Code is becoming the new lingua franca of Web activists around the nation, powering Anonymous-style movements against politicians and the status quo. In the process, programmers and coders are helping to create a new power base within the electorate. If you can code, you can launch new movements, upend traditional campaign dynamics and pressure candidates in a low-cost, high-tech and highly effective way.
Does this mean computer programmers and coding experts are the new political elite?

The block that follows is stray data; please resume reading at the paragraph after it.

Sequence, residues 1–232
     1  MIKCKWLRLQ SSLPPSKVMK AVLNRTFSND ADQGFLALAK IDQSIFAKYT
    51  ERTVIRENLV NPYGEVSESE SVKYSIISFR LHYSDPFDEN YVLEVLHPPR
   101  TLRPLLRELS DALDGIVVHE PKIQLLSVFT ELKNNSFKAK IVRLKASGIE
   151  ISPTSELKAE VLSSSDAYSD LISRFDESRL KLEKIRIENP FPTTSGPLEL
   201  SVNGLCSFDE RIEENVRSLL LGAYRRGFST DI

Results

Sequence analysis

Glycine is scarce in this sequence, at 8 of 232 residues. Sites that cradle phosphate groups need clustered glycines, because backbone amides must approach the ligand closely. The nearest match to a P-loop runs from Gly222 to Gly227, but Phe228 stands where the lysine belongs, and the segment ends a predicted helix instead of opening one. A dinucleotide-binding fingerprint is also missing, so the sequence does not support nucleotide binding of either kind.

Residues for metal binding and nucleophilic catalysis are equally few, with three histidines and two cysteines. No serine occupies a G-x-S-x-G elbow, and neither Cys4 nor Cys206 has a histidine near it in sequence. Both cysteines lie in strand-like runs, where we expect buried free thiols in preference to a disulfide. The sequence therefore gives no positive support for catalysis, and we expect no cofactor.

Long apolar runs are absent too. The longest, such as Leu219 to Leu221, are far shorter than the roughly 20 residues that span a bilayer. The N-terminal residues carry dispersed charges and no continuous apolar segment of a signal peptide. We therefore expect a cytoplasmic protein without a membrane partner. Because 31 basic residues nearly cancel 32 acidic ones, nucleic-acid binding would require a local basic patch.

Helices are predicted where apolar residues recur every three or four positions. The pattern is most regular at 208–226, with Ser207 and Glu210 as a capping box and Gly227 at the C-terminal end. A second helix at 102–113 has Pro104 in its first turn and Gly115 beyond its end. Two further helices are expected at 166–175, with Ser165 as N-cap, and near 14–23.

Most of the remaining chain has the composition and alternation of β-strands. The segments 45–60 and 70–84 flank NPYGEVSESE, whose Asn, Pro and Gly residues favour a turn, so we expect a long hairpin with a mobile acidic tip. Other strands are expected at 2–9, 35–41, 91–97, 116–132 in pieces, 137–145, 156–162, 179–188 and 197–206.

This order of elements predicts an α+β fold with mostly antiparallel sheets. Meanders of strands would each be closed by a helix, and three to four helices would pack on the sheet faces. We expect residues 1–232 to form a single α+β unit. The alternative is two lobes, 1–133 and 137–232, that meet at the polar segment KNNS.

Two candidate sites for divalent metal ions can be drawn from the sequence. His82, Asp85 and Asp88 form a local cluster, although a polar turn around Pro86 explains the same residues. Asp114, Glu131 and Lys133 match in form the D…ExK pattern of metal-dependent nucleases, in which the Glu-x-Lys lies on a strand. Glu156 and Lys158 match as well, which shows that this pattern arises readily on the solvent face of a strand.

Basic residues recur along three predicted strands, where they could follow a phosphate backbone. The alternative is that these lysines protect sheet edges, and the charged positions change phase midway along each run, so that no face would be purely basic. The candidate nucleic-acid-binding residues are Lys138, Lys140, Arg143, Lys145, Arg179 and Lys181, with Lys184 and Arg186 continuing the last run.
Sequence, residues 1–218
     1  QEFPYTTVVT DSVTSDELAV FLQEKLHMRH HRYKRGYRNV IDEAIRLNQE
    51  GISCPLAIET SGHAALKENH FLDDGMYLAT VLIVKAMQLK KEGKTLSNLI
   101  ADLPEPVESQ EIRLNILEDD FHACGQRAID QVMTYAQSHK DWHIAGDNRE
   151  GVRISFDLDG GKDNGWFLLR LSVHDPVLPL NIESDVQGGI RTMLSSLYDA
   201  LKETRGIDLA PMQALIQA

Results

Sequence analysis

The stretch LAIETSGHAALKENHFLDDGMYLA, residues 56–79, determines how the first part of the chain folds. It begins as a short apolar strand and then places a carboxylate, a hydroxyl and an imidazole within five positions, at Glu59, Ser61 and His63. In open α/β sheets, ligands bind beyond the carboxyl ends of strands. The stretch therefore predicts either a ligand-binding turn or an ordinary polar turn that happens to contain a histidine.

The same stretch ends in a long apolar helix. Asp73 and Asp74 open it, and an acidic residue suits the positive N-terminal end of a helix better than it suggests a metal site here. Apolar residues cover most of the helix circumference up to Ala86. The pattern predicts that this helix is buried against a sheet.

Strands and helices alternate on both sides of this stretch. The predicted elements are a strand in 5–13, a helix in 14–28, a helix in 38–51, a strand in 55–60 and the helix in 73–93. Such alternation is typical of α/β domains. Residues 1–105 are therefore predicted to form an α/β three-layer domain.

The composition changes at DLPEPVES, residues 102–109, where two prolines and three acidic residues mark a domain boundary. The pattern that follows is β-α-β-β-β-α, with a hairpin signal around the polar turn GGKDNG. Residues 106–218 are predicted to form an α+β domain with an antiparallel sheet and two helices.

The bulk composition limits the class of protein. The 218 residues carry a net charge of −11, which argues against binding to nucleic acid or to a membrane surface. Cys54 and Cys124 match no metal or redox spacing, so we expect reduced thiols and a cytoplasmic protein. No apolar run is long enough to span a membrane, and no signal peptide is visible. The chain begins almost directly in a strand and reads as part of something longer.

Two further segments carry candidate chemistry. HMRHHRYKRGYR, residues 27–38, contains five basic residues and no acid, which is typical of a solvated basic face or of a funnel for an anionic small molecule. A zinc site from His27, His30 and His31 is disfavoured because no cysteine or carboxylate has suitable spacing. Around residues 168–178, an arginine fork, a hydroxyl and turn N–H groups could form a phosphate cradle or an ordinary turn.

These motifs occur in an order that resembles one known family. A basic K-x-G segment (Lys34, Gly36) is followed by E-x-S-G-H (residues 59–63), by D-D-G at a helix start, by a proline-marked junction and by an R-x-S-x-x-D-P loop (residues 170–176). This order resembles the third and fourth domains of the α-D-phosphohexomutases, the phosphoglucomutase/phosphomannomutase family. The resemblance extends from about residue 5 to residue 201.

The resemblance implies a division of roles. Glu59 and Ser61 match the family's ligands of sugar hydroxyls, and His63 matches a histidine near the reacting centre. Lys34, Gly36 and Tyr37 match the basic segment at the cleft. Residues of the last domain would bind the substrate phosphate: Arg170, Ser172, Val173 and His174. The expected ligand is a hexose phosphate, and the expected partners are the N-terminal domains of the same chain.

Take, for example, the pending SOPA legislation in the U.S. Congress, which has ignited a firestorm of protest across the Web. The grassroots anti-SOPA online campaign, which includes bare-bones sites such as#BlackoutSOPA and new apps that help you boycott SOPA supporters, is built, in large part, around people who can harness either their own coding skills, or the skills of others. The Internet “hive-mind” is suddenly everywhere in cyberspace, putting pressure on companies like GoDaddy.com to pull their support for SOPA, launching attack campaigns against pro-SOPA legislators like Congressman Paul Ryan, and ruthlessly forcing individuals and organizations to take a stand when it comes to supporting free speech on the Internet.
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